I know the lecture you are thinking of (I believe). In that lecture, the prof's statement that the laws of physics are reversible is grounded in what he explained, that each event is followed by a single event, such that:
- A -> B (allowed)
- C <- A -> B (not allowed)
Additionally, each event also only has one event prior to itself:
- B -> A (allowed)
- B -> A <- C (not allowed)
What follows from this is that the only acceptable sequence of events is:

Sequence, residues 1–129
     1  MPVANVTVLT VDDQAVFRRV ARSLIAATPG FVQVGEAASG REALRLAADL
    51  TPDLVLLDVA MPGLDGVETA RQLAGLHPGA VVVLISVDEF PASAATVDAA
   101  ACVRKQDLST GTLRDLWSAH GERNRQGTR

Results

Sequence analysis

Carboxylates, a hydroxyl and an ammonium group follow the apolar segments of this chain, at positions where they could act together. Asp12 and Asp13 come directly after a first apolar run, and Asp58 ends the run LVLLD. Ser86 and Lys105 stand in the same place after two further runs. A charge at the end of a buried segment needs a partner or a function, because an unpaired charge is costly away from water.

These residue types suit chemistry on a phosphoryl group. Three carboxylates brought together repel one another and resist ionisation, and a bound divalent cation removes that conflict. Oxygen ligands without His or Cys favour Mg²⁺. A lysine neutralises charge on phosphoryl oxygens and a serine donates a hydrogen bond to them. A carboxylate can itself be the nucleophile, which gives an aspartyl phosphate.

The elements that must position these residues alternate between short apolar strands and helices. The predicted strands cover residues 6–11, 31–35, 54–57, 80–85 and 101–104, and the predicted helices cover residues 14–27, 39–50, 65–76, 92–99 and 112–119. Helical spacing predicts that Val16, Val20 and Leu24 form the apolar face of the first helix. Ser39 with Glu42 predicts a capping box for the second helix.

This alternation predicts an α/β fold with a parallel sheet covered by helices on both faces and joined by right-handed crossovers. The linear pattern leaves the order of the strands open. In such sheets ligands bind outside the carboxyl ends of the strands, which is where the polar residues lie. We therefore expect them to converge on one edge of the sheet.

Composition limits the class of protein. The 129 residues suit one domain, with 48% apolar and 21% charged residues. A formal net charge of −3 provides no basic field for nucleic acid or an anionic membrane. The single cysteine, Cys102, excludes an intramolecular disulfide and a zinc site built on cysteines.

In this case, the laws are reversible because, if in the original function, you could have event A, and know according to the laws that it would lead to event B, then C, you could reverse the laws, and given event C, know according to the reversed laws of physics that it would lead to event B, then A.
As for the lack of lost information, note that the universe he described is stroboscopic. In this case, each piece of 'information' is an event in the universe, and given that each event leads to another single event, the number of pieces of information is constant across time.